Recently a new bill was introduced on the floor of the US Senate entitled, pleasantly, Combating Money Laundering, Terrorist Financing, and Counterfeiting Act of 2017. The title sounds like a good thing but reading the contents of the bill will quickly change your mind. Sadly, it doesn’t seem to do much to combat terrorism and does very little to combat money laundering or counterfeiting. Instead, it gives the government broad new powers to spy on your finances and even includes the authority for the government to seize not just any money you didn’t report, but also ALL of your assets and bank accounts.
The crime? Owning too much cash.
Simon Black is a prolific blogger who often writes about government encroachment on personal liberties and privacy, amongst other topics. His latest blog entry describes an attempt to pass legislation that will penalize you failing to fill out a new form if you happen to be transporting more than $10,000 in cash or other ‘monetary instruments’ or if you purchase (unreported) cryptocurrency, prepaid credit cards, prepaid cell phones, prepaid retail gift cards, or prepaid coupons.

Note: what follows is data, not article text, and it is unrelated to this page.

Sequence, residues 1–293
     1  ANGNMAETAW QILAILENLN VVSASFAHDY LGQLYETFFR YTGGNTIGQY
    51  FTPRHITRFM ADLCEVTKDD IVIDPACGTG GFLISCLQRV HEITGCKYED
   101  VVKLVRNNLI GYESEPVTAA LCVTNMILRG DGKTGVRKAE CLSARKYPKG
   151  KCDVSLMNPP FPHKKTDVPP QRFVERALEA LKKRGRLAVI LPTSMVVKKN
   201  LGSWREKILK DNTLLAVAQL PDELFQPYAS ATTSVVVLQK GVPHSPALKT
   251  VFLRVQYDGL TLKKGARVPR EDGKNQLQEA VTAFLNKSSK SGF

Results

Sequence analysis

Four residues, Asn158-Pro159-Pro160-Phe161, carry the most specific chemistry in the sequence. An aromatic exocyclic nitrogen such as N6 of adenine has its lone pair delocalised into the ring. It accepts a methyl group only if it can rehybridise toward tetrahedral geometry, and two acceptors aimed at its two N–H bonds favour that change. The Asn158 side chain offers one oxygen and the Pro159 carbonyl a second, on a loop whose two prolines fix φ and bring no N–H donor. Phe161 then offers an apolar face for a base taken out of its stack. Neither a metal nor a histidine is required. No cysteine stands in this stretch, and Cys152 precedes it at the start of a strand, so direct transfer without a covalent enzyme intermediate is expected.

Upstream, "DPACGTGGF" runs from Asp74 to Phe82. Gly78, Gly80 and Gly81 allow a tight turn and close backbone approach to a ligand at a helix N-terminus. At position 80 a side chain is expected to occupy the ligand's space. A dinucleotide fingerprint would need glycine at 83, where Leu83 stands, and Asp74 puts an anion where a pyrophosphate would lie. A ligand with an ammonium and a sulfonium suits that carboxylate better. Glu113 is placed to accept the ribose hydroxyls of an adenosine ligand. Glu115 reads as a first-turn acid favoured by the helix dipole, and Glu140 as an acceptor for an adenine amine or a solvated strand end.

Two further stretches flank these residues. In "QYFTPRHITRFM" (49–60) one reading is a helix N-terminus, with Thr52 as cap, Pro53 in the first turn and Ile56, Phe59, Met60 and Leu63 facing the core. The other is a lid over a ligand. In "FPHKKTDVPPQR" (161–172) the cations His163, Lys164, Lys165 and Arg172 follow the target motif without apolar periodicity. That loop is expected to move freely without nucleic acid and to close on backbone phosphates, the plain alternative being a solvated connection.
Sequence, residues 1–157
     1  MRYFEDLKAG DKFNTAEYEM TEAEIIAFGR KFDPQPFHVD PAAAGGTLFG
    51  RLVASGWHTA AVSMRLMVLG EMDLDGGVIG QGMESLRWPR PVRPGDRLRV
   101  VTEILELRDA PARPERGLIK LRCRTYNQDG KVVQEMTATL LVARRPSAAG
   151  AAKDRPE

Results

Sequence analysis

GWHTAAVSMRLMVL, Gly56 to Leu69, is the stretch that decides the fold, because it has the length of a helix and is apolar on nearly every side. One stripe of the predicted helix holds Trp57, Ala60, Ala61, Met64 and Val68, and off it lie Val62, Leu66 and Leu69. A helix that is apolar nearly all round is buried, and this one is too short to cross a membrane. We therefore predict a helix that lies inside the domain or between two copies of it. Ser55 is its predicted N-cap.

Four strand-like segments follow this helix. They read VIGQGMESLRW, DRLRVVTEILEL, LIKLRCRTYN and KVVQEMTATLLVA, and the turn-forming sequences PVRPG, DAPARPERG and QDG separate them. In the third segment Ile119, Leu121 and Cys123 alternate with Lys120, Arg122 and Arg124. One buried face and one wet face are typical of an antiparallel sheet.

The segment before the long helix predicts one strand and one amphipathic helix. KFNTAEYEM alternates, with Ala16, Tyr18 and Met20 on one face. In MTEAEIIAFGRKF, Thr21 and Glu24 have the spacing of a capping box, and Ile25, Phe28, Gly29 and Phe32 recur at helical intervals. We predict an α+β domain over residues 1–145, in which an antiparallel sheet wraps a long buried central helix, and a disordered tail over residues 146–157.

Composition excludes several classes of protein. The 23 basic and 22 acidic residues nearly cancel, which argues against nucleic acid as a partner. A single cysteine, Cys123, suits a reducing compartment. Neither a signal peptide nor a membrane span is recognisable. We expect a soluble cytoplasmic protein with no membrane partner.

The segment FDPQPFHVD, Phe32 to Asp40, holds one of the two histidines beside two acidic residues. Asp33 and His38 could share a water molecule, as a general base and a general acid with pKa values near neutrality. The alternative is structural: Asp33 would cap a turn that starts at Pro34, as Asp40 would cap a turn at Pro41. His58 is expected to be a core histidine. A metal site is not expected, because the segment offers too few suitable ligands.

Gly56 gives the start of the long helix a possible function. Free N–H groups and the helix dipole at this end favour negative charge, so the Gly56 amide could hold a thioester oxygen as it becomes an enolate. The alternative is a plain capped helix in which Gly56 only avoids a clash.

If found guilty of any of these “crimes,” you could be sentenced for up to TEN years in prison.
This bill also gives government agencies new authority to engage in surveillance and wiretapping (including phone, email, etc.) if they have even a hint of suspicion that you might be transporting excess ‘monetary instruments’. While the proposed bill is entitled Combating Money Laundering, Terrorist Financing, and Counterfeiting Act of 2017, there seems to be nothing in this bill is about keeping people safe.
If this proposed legislation is passed, Big Brother will be watching you more than ever before.
You can read You won’t believe this stupid new law against Cash and Bitcoin by Simon Black at: http://bit.ly/2rwzqAh.
The full text of the proposed legislation introduced by Sen. Grassley, Chuck [R-IA] in the Congress.gov web site at: https://www.congress.gov/bill/115th-congress/senate-bill/1241/text
Categories: Legal Affairs